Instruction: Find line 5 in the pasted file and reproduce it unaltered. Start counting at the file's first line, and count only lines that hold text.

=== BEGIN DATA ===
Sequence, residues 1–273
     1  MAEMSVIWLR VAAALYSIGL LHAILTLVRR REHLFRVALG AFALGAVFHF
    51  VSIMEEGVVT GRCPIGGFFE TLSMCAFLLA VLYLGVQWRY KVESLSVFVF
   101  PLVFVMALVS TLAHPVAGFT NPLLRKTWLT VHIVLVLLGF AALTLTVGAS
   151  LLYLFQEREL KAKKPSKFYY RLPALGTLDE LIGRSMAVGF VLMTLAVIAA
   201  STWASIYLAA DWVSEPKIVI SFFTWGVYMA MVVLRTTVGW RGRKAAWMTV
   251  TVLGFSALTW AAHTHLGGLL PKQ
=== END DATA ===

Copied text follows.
   151  LLYLFQEREL KAKKPSKFYY RLPALGTLDE LIGRSMAVGF VLMTLAVIAA